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Managing Brand Values

Published on by Matthew LaPointe in Marketing

Brands aren’t what you buy at the store. They aren’t logos or catchy jingles. The most successful brands are nothing more than ideas built on word associations which elicit controlled emotional responses. This isn’t to say that brands don’t offer value to consumers; it’s quite the opposite. Effective brands are able to relate to their customers needs and feelings. Understanding how to direct and communicate this type of controlled association is how strong brands are built.

Brand Values

There are a number of mechanisms marketers use to promote a brand. The first and most important is to clearly define brand values within your organization. Brand values are often expressed as a short list of words or phrases and may be accompanied by a short explanation describing the intent of each. This is the most important element in defining a brand because all other functions of brand equity are tied to these terms.

I don’t have special access to marketing strategy documents at Toyota Motor Corporation, but because their marketers are quite good at what they do we can guess at what brand values both their Toyota and Lexus brands are meant to embody.

Toyota / Lexus brand values

Toyota Motor Corporation works hard to control their Toyota and Lexus brands. When you think of Toyota and Lexus what words come to mind?

It is not by happenstance that these and other terms readily come to mind. Even though you have likely never read a list of Toyota’s brand values, it is likely you would have come up with a similar list. The question is how is this done?

Brand Promise

A company’s brand values translate into a brand promise for consumers. The brand promise is what a consumer believes a brand will do for them. The most direct ways to communicate the brand promise to your customers is through the following:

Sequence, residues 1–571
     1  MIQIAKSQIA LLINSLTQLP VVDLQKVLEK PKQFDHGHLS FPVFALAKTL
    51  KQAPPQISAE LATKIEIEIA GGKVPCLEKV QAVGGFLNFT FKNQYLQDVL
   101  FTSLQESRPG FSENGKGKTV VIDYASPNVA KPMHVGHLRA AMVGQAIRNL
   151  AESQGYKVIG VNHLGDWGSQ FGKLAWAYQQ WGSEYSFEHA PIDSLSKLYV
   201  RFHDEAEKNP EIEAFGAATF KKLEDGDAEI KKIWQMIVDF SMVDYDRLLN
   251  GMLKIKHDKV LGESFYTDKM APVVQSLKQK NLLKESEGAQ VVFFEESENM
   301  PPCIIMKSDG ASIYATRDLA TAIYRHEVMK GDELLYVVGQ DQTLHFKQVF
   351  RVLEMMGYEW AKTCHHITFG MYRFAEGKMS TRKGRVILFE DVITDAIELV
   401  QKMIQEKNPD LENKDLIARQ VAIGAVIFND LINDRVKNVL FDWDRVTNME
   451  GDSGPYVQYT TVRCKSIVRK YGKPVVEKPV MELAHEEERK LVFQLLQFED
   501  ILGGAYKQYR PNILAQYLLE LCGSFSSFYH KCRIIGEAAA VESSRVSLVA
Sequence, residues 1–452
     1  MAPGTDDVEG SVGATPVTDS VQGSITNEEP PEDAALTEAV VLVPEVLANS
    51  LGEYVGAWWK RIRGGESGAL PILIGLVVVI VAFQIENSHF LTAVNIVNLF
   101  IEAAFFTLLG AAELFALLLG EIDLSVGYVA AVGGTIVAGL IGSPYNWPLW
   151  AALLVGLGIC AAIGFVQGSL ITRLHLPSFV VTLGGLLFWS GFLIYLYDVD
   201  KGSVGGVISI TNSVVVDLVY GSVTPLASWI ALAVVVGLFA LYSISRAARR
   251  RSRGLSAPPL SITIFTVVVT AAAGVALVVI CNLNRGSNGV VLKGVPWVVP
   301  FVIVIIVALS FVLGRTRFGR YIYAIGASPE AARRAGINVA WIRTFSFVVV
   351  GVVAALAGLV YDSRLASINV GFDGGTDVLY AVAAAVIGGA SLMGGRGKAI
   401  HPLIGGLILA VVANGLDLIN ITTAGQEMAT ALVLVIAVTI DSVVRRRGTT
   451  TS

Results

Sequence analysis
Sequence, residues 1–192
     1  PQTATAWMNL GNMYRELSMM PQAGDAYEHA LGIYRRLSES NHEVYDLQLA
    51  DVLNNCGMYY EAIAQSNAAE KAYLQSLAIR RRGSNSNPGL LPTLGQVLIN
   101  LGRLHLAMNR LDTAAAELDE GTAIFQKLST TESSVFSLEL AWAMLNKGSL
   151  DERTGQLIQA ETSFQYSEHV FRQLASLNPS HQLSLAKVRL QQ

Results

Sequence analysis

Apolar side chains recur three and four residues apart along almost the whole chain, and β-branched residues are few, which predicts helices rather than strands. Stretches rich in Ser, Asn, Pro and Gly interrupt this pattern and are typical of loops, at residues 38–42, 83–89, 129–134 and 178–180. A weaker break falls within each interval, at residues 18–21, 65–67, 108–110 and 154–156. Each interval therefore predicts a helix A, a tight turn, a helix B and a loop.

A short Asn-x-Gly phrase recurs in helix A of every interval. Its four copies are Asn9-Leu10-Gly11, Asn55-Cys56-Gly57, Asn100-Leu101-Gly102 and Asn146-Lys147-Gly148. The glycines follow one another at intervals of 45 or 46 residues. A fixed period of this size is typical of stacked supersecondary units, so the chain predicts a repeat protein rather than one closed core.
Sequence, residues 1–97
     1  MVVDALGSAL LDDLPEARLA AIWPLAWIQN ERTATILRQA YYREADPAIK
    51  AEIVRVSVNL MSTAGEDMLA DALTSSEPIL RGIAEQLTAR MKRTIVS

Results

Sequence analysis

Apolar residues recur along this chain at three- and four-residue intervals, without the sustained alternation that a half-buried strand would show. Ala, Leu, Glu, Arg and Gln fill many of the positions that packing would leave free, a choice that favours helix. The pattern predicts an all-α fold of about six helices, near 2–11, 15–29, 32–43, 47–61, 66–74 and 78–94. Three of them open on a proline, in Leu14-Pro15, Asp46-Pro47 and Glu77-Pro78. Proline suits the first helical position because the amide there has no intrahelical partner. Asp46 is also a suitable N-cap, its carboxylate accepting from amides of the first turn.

1. Visuals. This includes your logo, but it is far from the only element. Products, presentations, proposals, and advertising must strictly follow a formal set of visual guidelines. These guidelines should be widely available and actively promoted within your organization.
  2. Words. A tagline may or may not be important for your organization, but regardless of whether you have one or not, words are flowing out of your organization continually. When reviewing all formal and informal communications it is important to consider the organization’s brand promise. This is especially critical in advertising, and other forms of self promotion or direct customer interaction. Developing a style guide that talks about how you talk about yourself is a good idea.
  3. Product. It stands to reason that if you don’t have a product that supports the advertised brand promise it will quickly fail. There are many brands that started strong with products that matched their advertised value propositions, but have struggled because over time a chasm developed between product and brand promise. In recent years we have seen this with BMW, Dell Computers, and others.

This isn’t all just smoke and mirrors. By defining your brand clearly you communicate firstly within your own organization what your values are. Gaining the loyalty of your employees builds buy in, which in turn translates to employees embracing and reinforcing brand values. Engineers understand clearly what is expected in terms of a product. Marketers understand how to promote it. And sales know how to sell it.


The fundamentals of building a brand aren’t difficult to understand. What is difficult is consistent execution. Brand values must pervade an organization. Every image, every written word, every ad, and every web site should be directly influenced by defined brand values.

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